In political science, Marxism–Leninism was the official state ideology of the Soviet Union (USSR), of the parties of the Communist International after Bolshevisation and it is the ideology of Stalinist political parties. The purpose of Marxism–Leninism is the revolutionary transformation of a capitalist state into a socialist state, by way of two-stage revolution, which is led by a vanguard party of professional revolutionaries, drawn from the proletariat. To realise the two-stage transformation of the state, the vanguard party establishes the dictatorship of the proletariat, which determines policy through democratic centralism.

Sino-Soviet split Cold War schism between communist states

The Sino-Soviet split (1956–1966) was the breaking of political relations between the People's Republic of China (PRC) and the Union of Soviet Socialist Republics (USSR), caused by doctrinal divergences that arose from their different interpretations and practical applications of Marxism–Leninism during the Cold War (1945–1991). In the late 1950s and the early 1960s, Sino-Soviet debates about the interpretation of Orthodox Marxism became specific disputes about the Soviet Union's policies of national de-Stalinization and international peaceful coexistence with the Western world. Against that political background, the international relations of the PRC featured official belligerence towards the West, and an initial, public rejection of the Soviet policy of peaceful coexistence between the Eastern bloc and the Western bloc, which Mao Zedong said was Marxist revisionism by the Russian communists.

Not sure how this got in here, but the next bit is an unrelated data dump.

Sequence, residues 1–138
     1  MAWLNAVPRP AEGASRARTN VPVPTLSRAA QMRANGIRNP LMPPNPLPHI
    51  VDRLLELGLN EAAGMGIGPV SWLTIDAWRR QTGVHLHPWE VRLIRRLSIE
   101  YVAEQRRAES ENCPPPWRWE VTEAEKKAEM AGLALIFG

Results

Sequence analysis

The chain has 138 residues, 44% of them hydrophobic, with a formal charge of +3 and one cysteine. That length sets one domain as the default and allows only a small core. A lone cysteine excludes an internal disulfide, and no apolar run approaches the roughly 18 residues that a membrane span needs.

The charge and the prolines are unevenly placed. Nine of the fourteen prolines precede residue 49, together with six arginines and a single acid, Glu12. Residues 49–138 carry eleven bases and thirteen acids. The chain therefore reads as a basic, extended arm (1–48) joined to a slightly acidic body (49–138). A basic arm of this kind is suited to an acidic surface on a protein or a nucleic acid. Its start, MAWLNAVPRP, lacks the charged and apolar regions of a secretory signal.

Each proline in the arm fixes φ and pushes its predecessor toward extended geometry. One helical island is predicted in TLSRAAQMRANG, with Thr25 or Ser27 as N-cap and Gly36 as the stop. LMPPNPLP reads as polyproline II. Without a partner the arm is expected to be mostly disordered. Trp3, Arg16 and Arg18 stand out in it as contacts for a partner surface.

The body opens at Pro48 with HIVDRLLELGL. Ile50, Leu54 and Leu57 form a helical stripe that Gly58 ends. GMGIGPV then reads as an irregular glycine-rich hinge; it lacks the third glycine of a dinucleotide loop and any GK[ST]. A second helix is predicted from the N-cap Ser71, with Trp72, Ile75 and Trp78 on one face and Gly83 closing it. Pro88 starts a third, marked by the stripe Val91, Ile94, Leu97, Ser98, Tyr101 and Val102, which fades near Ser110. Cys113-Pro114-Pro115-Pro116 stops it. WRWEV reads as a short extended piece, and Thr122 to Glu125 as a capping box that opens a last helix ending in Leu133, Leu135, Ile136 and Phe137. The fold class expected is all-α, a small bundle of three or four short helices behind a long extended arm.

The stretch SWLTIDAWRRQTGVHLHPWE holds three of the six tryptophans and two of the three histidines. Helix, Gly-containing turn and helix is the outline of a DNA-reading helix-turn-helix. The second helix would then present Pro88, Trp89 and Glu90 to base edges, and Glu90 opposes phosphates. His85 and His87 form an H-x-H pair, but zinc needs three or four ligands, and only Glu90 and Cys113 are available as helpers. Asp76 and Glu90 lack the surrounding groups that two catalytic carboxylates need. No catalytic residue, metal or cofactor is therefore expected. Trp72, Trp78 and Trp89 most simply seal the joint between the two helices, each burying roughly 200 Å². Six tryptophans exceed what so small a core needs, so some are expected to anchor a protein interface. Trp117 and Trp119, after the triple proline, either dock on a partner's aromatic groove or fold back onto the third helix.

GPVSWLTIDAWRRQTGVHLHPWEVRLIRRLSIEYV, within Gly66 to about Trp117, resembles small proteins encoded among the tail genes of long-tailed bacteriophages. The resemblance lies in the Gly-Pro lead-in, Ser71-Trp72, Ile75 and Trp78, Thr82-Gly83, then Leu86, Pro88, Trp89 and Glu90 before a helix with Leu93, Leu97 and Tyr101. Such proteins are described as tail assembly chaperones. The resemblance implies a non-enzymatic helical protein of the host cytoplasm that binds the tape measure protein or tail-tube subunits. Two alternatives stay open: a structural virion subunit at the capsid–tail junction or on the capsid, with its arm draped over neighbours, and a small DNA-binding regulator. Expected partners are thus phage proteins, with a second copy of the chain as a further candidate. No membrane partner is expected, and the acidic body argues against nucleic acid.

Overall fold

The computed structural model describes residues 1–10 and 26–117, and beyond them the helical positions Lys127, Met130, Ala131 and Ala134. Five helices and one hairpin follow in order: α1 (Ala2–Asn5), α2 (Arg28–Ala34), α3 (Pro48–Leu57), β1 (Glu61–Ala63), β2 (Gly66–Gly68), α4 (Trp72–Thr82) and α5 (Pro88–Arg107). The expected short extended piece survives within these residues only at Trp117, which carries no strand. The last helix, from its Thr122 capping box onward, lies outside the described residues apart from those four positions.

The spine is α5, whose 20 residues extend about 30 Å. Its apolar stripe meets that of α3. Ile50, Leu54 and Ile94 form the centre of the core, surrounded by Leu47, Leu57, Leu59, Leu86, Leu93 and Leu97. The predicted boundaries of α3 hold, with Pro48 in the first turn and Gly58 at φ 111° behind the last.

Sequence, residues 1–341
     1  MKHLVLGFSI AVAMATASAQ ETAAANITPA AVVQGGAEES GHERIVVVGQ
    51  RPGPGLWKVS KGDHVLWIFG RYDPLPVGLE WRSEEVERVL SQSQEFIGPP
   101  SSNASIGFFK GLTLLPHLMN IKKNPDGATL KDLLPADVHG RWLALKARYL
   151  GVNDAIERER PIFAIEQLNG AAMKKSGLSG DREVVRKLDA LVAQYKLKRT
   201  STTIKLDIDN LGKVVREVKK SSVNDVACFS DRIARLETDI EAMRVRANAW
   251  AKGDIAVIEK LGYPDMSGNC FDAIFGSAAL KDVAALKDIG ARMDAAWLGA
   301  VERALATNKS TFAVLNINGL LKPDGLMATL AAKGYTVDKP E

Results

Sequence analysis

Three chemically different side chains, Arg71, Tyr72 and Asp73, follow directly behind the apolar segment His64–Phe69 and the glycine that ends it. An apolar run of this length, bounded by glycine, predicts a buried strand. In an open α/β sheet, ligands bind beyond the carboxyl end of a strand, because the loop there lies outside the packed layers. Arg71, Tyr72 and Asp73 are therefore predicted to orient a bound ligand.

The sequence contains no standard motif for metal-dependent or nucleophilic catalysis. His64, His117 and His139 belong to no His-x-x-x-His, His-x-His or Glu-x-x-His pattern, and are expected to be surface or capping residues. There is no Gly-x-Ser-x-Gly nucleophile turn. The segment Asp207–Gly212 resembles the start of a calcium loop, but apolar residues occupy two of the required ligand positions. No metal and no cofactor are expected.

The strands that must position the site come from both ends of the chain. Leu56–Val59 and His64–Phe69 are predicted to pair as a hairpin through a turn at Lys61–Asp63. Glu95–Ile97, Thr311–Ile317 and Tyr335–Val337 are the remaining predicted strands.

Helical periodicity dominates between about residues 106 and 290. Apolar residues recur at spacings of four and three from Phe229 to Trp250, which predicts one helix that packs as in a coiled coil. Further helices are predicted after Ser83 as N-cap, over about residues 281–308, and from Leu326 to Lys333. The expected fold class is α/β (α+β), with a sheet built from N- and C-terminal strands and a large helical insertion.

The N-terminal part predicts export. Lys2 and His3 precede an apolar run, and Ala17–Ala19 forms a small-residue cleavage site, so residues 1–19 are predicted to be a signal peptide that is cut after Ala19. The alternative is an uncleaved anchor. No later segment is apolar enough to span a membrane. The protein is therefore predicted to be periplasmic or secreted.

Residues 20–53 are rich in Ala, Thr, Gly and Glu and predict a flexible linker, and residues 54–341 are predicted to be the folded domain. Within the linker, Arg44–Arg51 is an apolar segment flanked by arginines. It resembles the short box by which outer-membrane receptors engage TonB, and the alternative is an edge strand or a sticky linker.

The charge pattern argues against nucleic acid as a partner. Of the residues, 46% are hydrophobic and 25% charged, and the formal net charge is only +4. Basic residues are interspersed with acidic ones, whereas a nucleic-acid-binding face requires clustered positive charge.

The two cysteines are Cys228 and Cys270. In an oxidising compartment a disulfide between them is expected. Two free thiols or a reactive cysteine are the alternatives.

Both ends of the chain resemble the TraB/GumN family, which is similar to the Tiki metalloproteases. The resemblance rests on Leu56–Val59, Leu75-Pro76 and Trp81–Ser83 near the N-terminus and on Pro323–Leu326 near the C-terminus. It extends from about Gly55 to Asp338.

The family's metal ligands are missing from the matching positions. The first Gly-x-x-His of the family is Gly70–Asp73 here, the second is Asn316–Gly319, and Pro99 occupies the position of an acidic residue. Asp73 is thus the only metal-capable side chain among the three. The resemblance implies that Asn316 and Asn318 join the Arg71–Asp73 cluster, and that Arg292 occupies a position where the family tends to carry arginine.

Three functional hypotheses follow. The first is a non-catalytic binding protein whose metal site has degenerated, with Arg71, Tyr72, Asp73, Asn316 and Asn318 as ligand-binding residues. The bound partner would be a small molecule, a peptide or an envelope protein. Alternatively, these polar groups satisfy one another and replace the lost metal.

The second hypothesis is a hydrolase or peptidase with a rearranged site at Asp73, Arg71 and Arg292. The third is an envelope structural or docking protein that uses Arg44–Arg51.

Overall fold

Marxist–Leninist Party of Germany communist party in Germany

The Marxist–Leninist Party of Germany is an anti-revisionist Marxist–Leninist political party in Germany. It was founded in 1982 by members of the Communist Workers Union of Germany.

Marxism Economic and sociopolitical worldview based on the works of Karl Marx

Marxism is a method of socioeconomic analysis that views class relations and social conflict using a materialist interpretation of historical development and takes a dialectical view of social transformation. It originates from the works of 19th-century German philosophers Karl Marx and Friedrich Engels.

Marxism–Leninism–Maoism–Prachanda Path